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Lactobacillus casei

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Lactobacillus casei
Scientific classification
Kingdom: Bacteria
Phylum: Firmicutes
Class: Bacilli
Order: Lactobacillales
Family: Lactobacillaceae
Genus: Lactobacillus
Species: L. casei
Binomial name
Lactobacillus casei

Contents

Description and significance

Lactobacillus casei is a rod-shaped Gram-positive bacteria. It is non-sporing, non-motile, and anaerobic. Consistent with other lactic acid bacteria, this species is acid tolerant. Lactobacillus casei dwells in environments such as the intestinal tracts of animals and fermented dairy products. It can be found naturally in both the human intestine and the mouth. They have a wide temperature range as well as a wide pH range. The organism is mesophilic, which means it has an optimum temperature range around 30°C to 40°C. The optimum pH is at approximately 5.5. Scientists have found it to possess beneficial properties that support human health. It is able to improve and promote digestion. Some strains of the bacteria help control diarrhea, while other strains have an anti-inflammatory effect on the gut. Other advantageous effects include reducing lactose intolerance, alleviating constipation, and even modulation of the immune system. Numerous strains have been proven to be probiotics, that is according to the World Health Organization, are "live microorganisms which when administered in adequate amounts confer a health benefit on the host." Because it is lactic acid producer, it has several applications in biotechnology and in the food industry.[1][2]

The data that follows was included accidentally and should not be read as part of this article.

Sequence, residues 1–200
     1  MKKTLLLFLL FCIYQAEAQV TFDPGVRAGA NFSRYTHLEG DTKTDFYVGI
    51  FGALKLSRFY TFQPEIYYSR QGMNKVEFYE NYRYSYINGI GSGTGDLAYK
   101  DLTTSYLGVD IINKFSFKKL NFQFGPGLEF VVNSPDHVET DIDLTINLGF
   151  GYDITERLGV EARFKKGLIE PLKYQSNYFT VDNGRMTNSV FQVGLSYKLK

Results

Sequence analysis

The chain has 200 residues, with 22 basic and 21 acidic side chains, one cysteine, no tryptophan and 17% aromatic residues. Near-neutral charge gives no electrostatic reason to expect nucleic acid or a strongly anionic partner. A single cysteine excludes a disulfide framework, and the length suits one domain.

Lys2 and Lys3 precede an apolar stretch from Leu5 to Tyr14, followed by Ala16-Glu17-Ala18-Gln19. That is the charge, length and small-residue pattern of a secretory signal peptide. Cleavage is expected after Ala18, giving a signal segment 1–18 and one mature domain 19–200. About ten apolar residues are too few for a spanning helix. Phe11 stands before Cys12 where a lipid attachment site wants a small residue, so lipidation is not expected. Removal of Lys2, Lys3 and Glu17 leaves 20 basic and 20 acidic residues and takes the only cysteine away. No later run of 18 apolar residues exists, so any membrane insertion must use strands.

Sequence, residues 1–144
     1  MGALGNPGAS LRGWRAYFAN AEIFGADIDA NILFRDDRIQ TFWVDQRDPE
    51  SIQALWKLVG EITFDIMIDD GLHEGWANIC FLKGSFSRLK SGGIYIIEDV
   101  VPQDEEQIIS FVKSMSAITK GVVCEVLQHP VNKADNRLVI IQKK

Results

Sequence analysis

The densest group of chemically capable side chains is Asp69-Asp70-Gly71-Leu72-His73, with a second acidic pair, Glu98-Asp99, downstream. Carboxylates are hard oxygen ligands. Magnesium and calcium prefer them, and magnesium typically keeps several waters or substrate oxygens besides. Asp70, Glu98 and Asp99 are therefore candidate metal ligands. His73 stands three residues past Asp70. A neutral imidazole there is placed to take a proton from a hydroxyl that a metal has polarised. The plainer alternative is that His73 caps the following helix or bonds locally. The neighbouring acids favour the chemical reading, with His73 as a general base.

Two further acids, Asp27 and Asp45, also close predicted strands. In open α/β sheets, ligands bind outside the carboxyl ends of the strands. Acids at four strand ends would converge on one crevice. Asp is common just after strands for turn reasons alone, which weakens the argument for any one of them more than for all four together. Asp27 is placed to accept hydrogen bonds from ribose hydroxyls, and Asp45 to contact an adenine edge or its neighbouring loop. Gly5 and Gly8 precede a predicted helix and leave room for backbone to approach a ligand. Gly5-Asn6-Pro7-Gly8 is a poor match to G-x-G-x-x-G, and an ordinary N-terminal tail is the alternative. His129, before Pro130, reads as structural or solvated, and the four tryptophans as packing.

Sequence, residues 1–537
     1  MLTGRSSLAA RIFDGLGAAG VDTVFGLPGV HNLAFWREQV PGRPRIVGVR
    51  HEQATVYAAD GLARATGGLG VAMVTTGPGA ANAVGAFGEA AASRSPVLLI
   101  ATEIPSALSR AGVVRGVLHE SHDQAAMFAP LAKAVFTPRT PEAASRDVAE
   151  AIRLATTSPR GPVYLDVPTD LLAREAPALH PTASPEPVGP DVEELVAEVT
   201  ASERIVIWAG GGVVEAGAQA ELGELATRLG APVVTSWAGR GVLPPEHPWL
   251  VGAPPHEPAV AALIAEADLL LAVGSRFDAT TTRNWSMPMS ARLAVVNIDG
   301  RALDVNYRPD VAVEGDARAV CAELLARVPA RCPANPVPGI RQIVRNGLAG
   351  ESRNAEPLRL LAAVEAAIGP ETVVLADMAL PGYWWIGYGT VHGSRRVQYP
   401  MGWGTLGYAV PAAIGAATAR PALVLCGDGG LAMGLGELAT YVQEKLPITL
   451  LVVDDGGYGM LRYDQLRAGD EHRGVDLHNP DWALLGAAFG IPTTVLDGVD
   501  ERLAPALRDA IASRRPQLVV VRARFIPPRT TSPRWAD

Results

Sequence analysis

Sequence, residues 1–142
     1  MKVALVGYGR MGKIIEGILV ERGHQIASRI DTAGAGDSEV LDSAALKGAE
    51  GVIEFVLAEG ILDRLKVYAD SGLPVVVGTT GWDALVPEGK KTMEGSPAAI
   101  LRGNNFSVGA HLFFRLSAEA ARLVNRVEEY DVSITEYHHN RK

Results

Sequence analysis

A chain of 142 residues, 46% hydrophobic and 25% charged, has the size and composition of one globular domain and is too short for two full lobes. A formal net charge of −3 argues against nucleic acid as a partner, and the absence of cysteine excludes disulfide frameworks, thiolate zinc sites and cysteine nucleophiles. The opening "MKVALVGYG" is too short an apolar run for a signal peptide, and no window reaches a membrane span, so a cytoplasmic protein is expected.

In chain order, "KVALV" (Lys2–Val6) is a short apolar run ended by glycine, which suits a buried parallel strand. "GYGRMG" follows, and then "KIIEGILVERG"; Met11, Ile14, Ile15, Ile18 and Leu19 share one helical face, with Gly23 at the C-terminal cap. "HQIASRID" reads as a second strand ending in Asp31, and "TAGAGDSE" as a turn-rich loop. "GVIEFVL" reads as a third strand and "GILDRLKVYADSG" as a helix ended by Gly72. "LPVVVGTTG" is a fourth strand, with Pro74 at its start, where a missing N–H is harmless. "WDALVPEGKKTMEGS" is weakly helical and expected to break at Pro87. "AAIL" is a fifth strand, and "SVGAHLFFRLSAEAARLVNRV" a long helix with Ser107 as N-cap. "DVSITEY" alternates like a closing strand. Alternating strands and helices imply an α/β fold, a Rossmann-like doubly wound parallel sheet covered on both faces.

Genome structure

The genome of Lactobacillus casei ATCC 334 comprise of a circular chromosome with 2,895,264 base pairs and a circular plasmid 1 with 29,061 base pairs. According to US DOE Joint Genome Institute the strain contains a total of 2,924,325 nucleotides, 2,771 protein genes, and 75 RNA genes. L. casei have a 45-47% G+C content.[3]

Cell structure and metabolism

The cell structure of Lactobacillus casei is typically straight, rod-shaped, and arranged in chains. The cell size tends to be around 0.7-1.1 x 2.0-4.0 micrometer. It is also a facultative anaerobe. This means it is an organism that is able to grow under both aerobic and anaerobic environments but develops better and more rapidly in the presence of oxygen. The microbe is an organotroph and its metabolism is a homofermentative one. Unlike heterofermentative lactobacteria which can produce either alcohol or lactic acid from carbohydrates, L. casei participates in a homolactic fermentation process that can only result in one single major end product. It obtains most of its energy by converting glucose into lactic acid. Some varieties of Lactobacillus casei can produce lactic acid utilizing galactose, fructose, or even mannose. Stress, poor diet, and antibiotics can lead to a deficient growth of the bacteria.[4]

Ecology